This is a celebrity biography about a great hotel -- in fact, for millions of people across the land and countless more around the world, it is America's most famous hotel. Now approaching its seventy-fifth anniversary in 2006 on its Park Avenue site, The Waldorf-Astoria has been home to kings, magnates, presidents and many of the greatest cultural talents of the Twentieth Century. General Douglas MacArthur chose to retire in the Waldorf Towers; Cole Porter lived in suite 33A for many years, which Frank Sinatra paid one million dollars a year to live in after Porter died. "The grand cities of the world have their grand hotels, the bed-and-breakfasts for the mighty and the moneyed. Ward Morehouse III explores one of New York City's grandest in The Waldorf-Asrtoria: America's Gilded Dream ... Morehouse writes of pleasures and scandals, of the hard facts of running a hotel and of its romance. The hotel comes off well in the hands of its appreciative Boswell and one will find "The Waldorf-Astoria" to be a pleasant buffet." - The New York Times, Sunday Book Review Section
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Famed columnist, author and playwright Ward Morehouse III was a staff correspondent of The Christian Science Monitor for 10 years and a Broadway columnist for the New York Post for five years. His "Broadway After Dark" column appeared in the New York Sun for two years, and now in AM New York. He is the author of Inside the Plaza: An Intimate Portrait of the Ultimate Hotel and two other books.From Publishers Weekly:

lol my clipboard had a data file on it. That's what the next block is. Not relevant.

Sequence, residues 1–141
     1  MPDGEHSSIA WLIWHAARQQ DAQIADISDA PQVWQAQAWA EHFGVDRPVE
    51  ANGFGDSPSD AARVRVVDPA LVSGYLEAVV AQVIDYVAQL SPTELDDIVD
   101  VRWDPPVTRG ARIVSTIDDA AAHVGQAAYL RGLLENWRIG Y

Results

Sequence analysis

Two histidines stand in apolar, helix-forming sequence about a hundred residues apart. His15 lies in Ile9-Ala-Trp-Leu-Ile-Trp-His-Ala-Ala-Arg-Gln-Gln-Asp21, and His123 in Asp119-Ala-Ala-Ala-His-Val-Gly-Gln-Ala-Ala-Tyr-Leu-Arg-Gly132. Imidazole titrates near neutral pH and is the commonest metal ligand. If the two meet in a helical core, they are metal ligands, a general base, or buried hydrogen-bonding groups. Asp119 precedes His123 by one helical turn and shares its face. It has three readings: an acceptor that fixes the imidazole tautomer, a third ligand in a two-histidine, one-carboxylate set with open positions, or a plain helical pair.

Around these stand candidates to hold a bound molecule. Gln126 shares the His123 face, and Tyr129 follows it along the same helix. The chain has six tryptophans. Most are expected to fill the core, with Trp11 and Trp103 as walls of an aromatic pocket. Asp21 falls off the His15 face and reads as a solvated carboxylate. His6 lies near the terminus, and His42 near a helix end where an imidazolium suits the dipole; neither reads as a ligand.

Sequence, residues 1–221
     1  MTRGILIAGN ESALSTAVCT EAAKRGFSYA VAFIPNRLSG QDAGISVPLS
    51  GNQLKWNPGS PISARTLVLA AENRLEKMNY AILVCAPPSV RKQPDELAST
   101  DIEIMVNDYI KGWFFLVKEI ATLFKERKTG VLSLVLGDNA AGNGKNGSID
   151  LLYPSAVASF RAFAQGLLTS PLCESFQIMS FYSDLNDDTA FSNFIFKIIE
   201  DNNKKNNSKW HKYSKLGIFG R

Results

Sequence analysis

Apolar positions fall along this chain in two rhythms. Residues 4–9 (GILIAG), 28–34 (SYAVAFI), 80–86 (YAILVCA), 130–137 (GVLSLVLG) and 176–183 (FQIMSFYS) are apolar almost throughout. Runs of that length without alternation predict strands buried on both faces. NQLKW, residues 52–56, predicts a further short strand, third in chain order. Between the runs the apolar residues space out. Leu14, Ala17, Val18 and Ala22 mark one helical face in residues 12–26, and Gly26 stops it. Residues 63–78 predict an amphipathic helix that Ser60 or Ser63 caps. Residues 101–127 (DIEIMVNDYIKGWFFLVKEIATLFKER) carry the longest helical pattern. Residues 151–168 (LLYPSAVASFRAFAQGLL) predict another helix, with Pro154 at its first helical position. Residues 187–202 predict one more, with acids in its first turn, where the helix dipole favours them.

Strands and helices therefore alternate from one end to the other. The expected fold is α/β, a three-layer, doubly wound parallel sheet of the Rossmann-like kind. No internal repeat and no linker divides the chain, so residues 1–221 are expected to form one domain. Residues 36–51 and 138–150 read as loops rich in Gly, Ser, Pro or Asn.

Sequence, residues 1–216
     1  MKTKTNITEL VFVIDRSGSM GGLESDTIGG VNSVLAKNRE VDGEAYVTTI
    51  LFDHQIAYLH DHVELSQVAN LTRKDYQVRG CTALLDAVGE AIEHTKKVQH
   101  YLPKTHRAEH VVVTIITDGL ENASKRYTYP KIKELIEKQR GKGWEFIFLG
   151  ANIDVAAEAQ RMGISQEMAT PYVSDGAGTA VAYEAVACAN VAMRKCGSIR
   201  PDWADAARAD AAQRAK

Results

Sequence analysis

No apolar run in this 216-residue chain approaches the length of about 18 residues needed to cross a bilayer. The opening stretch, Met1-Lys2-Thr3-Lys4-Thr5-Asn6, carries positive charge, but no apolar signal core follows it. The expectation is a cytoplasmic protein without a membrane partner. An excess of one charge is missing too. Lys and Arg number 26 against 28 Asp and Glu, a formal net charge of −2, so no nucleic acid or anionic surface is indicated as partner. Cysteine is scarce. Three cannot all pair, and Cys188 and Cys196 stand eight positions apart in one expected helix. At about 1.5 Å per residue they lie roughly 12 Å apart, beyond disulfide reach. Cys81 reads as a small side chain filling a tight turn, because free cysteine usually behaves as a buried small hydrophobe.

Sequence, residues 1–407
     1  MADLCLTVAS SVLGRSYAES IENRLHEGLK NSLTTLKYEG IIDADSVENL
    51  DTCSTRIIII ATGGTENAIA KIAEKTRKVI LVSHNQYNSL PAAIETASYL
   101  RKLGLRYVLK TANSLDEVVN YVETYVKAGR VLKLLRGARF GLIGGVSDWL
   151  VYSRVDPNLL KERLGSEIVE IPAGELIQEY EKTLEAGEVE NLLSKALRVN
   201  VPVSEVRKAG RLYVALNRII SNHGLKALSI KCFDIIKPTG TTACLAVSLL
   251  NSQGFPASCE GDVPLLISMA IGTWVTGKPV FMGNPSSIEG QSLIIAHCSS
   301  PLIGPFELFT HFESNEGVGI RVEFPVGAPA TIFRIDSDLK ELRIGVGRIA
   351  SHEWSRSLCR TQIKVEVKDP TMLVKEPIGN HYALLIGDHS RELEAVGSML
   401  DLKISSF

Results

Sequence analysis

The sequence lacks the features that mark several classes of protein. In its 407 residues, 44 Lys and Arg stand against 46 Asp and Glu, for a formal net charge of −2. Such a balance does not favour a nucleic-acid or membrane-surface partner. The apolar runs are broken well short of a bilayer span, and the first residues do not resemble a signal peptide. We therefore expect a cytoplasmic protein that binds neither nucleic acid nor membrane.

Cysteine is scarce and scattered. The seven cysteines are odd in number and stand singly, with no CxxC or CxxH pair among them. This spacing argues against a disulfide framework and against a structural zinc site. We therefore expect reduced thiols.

Morehouse tours readers through a Manhattan landmark in this chatty, disorganized but engaging book. A former cultural correspondent for the Christian Science Monitor , the author serves up a mix of fact and gossip, based in part on personal knowledge of the opulent inn. Built in 1893 by William Waldorf Astor, the hotel was moved in 1930 from downtown Fifth Avenue to occupy an entire block on Park Avenue at 50th Street, where it has flourished for the intervening 60 years. Morehouse offers information on such recent developments as the acquisition of the hotel by the Hilton family. Most intriguing, though, are anecdotes about the notable residents in the Waldorf Towers aerie: the duke and duchess of Windsor (she was rude); Sinatra (he pays $1 million annually for a suite once home to Cole Porter); late society hostess Elsa Maxwell; Gen. and Mrs. Douglas MacArthur; U.S. presidents et al. Just as engrossing are mini-bios of the executives responsible for the hotel's great reputation through the years: Astor's first partner, George Boldt, a master hotelier from Germany; banquet host Oscar of the Waldorf; and events organizer Claude Philippe. Photos not seen by PW.
Copyright 1991 Reed Business Information, Inc.
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